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Old 17 June 2014, 09:02 PM
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Default How authors from Dickens to Dr Seuss invented the words we use every day

Quote:
The English language didn't just spring from nowhere. So who introduced such gems as cojones, meme, nerd and butterfingers?
http://www.theguardian.com/books/201...ones-meme-nerd

Interesting (although some of it's well-known) but I'm posting because of this bit:

Quote:
Debunk

A word created by the novelist, biographer and former advertising copywriter William E Woodward for the process of exposing false claims. He used it in his 1923 novel Bunk, in which he also created the term debunker and debunking. Others would later debunk Woodward's biographies of George Washington and Ulysses S Grant, which attempted to debunk great figures of history but were generally dismissed as exercises in cynicism and little else.
(eta) Also, apparently Norman Mailer invented "factoid".
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Old 19 June 2014, 06:09 AM
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I take it 'pedestrian' was already in use as an adjective meaning 'lacking inspiration or excitement' before it became a noun meaning someone on foot? Pretty interesting, for whatever reason I always assumed it was the other way around, that the noun came first.
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Old 19 June 2014, 08:00 AM
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So it was - how bizarre. The figurative meaning of dull or prosaic dates from 1716, according to Chambers Dictionary of Etymology. Wordsworth was the first to record the literal meaning.

I was going to ask why you had presumed that from the list - is it because it specifically says "noun"?

It's a more interesting list than some of these though. I said that some of them were well-known (chortle, meme, robot etc. - perhaps debunk, round here), but I didn't know most of them.
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Old 19 June 2014, 12:23 PM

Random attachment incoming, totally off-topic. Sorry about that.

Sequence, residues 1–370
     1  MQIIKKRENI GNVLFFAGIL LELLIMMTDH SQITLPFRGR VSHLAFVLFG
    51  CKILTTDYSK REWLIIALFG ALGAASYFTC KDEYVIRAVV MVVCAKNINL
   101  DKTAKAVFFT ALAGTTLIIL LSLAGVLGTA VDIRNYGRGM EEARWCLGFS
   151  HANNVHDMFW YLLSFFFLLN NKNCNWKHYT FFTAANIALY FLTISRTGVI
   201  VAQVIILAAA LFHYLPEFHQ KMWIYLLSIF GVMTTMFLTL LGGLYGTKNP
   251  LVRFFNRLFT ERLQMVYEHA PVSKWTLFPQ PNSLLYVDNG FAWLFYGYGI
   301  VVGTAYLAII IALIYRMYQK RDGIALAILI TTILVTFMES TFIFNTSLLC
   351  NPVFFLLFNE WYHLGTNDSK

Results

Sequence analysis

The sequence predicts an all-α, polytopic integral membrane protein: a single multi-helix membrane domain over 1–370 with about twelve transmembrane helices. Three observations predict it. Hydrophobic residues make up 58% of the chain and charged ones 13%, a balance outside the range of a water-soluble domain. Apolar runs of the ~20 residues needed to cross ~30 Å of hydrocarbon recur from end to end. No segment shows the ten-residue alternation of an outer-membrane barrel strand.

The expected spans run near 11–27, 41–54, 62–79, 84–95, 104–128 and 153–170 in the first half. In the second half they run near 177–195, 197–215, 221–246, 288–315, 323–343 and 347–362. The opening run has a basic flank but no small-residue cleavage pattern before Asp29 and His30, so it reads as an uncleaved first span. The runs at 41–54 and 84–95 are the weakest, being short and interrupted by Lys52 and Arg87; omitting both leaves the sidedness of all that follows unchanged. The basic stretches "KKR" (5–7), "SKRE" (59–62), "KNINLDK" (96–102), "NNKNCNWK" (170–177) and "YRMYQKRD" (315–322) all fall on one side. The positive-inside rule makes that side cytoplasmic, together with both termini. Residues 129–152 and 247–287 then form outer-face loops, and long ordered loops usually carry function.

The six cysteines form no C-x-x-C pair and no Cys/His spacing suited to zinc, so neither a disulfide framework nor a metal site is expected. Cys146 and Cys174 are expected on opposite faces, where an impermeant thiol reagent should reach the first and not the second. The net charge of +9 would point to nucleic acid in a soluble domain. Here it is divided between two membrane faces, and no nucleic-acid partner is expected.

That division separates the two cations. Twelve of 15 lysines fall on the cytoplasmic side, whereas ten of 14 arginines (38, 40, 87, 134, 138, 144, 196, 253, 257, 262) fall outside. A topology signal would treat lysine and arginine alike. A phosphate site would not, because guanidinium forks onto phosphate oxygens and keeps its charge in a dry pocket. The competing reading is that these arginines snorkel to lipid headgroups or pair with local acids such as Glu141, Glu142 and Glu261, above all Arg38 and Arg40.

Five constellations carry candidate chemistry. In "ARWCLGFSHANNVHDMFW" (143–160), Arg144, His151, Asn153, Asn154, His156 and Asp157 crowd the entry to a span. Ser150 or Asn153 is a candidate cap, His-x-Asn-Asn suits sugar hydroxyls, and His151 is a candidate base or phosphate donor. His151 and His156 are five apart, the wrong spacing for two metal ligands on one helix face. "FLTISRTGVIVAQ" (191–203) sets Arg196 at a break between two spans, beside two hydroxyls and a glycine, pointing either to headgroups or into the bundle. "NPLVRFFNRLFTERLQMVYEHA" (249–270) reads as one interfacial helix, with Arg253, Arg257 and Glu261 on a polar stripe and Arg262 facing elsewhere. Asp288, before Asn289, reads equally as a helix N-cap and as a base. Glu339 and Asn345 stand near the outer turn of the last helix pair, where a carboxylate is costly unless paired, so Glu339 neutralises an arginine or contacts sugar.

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Originally Posted by hoitoider View Post
I take it 'pedestrian' was already in use as an adjective meaning 'lacking inspiration or excitement' before it became a noun meaning someone on foot? Pretty interesting, for whatever reason I always assumed it was the other way around, that the noun came first.
But the word "ped" means "foot" in Latin, doesn't it? So I would have assumed that it would have something to do with feet...
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Old 19 June 2014, 01:48 PM
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The OED lists the prosaic meaning of "pedestrian" dating back to 1716, with the "person on foot" meaning dating back to 1722 (as a statue of a standing figure) and 1742 (a person going about on foot). The going around on foot thing is probably derived from the Latin pedester, but the prosaic thing is probably from the Greek pedzos.

There is an earlier English word, "pedestrial," that means "going or walking on foot," which the OED dates back to 1606. (This contrasts with "equestrial," meaning "going on horse.") I wonder if it was one of those things where they wanted a noun for that verb and it coincidentally matched up to the existing adjective "pedestrian." In true circular fashion, by 1941, "pedestrial" also meant dull/prosaic.

ETA: In other words, this article is wrong about that word.
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Old 19 June 2014, 01:54 PM